San Onofre power plant to close

Friday, June 7—

Southern California Edison’s parent company announced today it is shutting down the San Onofre nuclear power station in San Diego County near the Orange County line.

San Diego Gas & Electric has a 20 percent minority interest in the plant and historically has received 20 percent of its power from it.

Since the units went offline in early 2012, SDG&E’s concern has been meeting its customers’ energy needs, said Jessie J. Knight Jr., SDG&E’s chairman and chief executive officer.

“With the Sunrise Powerlink now in service and with additional contracted resources, barring any unforeseen system emergency, our region should have adequate power supplies for this summer,” Knight said.

Ted Craver, chairman and CEO of Edison International, SCE’s corporate parent, cited uncertainty about when the two units at the plant, which were taken offline because of technical issues, would be allowed to restart.

“We have concluded that the continuing uncertainty about when or if SONGS (San Onofre Nuclear Generating Station) might return to service was not good for our customers, our investors, or the need to plan for our region’s long-term electricity needs,’’ he said in a statement.

The plant’s two reactor units, referred to as Unit 2 and Unit 3, have been offline since early 2012. Unit 1 was in operation from 1968 to 1992, when it was shut down over fears it could not withstand a major earthquake.

Unit 2 was taken out of service Jan. 9, 2012, for planned routine maintenance, while Unit 3 was shut down abruptly on Jan. 31, 2012, after a leak of radioactive gas occurred. No one was hurt in the leak, but both reactors were kept offline while the issue was investigated.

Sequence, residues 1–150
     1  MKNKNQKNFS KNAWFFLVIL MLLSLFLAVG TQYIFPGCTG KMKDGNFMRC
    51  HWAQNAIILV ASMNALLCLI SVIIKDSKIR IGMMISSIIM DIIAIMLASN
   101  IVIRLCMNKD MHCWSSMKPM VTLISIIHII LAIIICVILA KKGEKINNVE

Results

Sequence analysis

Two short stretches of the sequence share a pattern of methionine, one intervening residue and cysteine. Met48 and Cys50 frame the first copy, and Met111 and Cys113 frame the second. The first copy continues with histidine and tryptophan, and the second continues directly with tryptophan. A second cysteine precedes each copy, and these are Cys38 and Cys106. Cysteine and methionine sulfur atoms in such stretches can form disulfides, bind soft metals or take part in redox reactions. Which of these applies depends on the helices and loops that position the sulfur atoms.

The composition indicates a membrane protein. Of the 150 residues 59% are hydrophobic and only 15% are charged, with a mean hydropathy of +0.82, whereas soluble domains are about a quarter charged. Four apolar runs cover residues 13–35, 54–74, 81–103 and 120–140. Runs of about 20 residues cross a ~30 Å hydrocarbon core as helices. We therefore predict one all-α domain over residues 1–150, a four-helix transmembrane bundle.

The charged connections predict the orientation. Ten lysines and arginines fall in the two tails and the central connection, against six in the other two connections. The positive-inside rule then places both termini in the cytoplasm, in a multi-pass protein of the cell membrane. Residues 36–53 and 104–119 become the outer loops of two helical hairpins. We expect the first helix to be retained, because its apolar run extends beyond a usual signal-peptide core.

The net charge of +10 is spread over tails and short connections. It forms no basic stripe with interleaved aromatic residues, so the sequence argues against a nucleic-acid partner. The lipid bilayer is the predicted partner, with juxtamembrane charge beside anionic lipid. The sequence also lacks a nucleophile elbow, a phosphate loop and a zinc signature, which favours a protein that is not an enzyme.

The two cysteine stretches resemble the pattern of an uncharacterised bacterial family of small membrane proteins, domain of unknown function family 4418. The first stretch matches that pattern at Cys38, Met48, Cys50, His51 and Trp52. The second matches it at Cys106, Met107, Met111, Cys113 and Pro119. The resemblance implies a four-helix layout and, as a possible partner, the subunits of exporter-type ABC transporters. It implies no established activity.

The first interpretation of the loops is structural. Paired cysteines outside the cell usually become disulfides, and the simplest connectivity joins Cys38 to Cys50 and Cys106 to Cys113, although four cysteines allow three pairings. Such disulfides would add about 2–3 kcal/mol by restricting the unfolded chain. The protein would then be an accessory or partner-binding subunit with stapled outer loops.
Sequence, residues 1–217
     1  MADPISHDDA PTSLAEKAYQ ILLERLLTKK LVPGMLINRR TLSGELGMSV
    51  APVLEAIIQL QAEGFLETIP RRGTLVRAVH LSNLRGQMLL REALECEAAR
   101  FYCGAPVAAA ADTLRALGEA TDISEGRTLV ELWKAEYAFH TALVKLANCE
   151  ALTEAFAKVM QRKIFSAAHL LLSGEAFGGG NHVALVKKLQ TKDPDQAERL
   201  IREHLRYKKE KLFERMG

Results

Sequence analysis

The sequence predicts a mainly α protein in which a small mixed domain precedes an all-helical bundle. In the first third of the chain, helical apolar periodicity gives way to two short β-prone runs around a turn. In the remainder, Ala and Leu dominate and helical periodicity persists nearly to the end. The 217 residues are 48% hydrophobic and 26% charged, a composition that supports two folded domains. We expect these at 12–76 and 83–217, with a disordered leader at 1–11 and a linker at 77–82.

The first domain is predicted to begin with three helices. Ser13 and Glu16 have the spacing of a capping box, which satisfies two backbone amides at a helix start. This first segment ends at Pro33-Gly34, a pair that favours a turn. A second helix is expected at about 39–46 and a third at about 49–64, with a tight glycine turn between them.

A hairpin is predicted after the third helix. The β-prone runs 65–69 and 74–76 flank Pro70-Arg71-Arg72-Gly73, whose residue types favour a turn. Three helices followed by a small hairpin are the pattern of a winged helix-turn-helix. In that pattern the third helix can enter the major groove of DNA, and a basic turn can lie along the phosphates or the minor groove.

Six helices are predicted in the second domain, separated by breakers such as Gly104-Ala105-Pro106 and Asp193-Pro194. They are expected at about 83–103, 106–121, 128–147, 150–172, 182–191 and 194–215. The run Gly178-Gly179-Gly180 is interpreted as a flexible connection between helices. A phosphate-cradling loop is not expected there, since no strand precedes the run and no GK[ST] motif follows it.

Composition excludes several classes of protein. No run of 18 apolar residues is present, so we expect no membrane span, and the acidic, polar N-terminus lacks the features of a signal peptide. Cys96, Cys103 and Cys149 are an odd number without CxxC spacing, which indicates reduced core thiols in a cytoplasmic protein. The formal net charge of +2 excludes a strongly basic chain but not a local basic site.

Edison executives later said the leak was caused by premature wearing of steam pressure tubes in the reactors. Each reactor has nearly 20,000 tubes, and hundreds of those were found to have been worn down prematurely by rubbing against each other due to vibrations and a settling of support equipment.

The tubes carry hot, pressurized radioactive water from the reactors.

The tubes then heat non-radioactive water surrounding them, producing steam used to turn turbines to create electricity.

The tubes also provide a safety function, forming a barrier between the radioactive and non-radioactive sides of the plant.

Edison has spent months trying to gain permission from the Nuclear Regulatory Commission to restart one unit at 70 percent power for five months as a test run.

However, the plan has been strongly opposed by the anti-nuclear group Friends of the Earth and Sen. Barbara Boxer, D-Calif., who accused Edison of skirting federal regulations designed to prevent such mishaps.

Opponents contend that Edison executives were not forthright in how they characterized replacement steam generators installed in the reactor units in 2009 and 2010. They recently released a series of communications they believe demonstrate that Edison executives knew the generators were of a radically different design than their predecessors.

Edison said it would pursue damages from Mitsubishi Heavy Industries of Japan, the company that supplied the replacement steam generators that wore out sooner than expected.

Edison said in its statement that the administrative process to gain regulatory approval for its restart plan could have lasted more than a year, entailing a cost too great to bear.

“It is uneconomic for SCE and its customers to bear the long-term repair costs for returning SONGS to full power operation without restart of Unit 2,” according to Edison.

In connection with the retirement of Units 2 and 3, about 1,100 workers at San Onofre will lose their jobs over the next year.

“This situation is very unfortunate,’’ said Pete Dietrich, SCE’s chief nuclear officer, noting that “this is an extraordinary team of men and women. We will treat them fairly.”

   
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